Cheapest ground mounting solution?


New Member
Mar 31, 2022
I'm sure I'm not the first person to do this and maybe I'm dead wrong and wasted a ton of money and resources but here's what I did for my 4kw array.

I started with these mounts and attached them to treated 4x4s with timber screws which are anchored to the ground with 2.5 foot 1/2 inch rebar. All together it came out to around 80 dollars per panel. Coulda probably saved a bit more if I had bought angle aluminum to cut and drill myself but metal cutting is a pain and they came with all the hardware so I took the easy path. Once secured to the 4x4s they are remarkably solid. We had a storm a couple days ago with 25mph gusts and they remained firm. My only complaint from doing it this way is dealing with irregularities on the ground. I had to use shims under some to deal with the gradient. I guess if I was a perfectionist I'd prepare the earth and level it but eh, I'm no Mozart, or even a Saliari. Anyway thought I'd share for anyone working on a shoestring looking for inspiration.



Solar Enthusiast
Apr 2, 2022
If you have invested so much money in the s panels. You would want the supports to be strong and stable. You should use pressured treated lumber if it is touching the ground or raise it up. Based on what were shown on the pictures. If wind blow from underside the pane, it may tilt over if the anchorage is not strong enough. The weakest part in the framing system is at the middle between two ground support where a single panel was divided into two parts. The horizontal alum frame may just bent there. If the wind is strong enough, you panels may break/crack along the vertical white lines. Consider add another support in between.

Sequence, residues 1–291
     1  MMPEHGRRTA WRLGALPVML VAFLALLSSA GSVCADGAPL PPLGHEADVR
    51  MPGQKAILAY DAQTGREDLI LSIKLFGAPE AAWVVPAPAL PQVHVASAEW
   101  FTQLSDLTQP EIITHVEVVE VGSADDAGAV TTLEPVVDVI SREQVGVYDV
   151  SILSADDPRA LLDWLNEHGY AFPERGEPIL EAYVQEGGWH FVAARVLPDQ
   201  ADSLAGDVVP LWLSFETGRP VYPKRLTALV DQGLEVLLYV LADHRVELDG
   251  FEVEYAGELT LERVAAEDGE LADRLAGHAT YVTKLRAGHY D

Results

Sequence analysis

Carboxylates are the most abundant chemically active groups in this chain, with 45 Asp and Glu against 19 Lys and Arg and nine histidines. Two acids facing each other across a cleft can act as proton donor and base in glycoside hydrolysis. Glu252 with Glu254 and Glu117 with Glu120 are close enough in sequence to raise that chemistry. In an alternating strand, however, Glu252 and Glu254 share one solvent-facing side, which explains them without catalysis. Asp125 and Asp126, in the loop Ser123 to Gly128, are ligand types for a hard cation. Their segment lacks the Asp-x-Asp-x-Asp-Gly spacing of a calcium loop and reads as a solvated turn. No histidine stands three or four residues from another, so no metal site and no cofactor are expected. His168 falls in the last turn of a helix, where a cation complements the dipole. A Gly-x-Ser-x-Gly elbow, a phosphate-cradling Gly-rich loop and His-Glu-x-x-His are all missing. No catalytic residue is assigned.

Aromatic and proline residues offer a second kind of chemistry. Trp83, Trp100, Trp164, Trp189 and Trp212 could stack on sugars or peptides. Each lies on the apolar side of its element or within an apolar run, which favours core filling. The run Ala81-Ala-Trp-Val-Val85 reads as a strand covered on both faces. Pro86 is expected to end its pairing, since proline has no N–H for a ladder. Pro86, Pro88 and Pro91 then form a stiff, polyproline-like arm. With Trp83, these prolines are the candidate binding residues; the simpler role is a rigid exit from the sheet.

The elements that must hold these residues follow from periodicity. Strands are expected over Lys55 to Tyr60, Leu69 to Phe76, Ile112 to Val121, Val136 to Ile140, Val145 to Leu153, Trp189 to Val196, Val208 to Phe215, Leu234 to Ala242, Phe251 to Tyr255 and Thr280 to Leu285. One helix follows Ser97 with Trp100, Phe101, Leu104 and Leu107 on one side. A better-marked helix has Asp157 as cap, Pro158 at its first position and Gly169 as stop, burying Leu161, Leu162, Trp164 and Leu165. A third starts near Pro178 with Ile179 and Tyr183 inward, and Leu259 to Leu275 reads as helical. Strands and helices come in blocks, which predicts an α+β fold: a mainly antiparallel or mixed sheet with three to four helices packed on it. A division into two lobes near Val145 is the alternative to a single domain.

Renewable Energy Hobbyist
May 3, 2020
Kenwood, California
Uplift is the most common occurrence on any panel installation. I cannot tell from the picture what measures were taken to prevent the panels from blowing away other than the rebar. Better uplift protection would be screw anchors depending on soil conditions. If soil is not firm even some ballast could provide some protection. A 25 mph wind is a good start. The real test will be wind blowing from the backside. As suggested above the diagonal brace would have more leverage if it went to the top of the panel instead of the middle of the angle bar brace running parallel to the panel..
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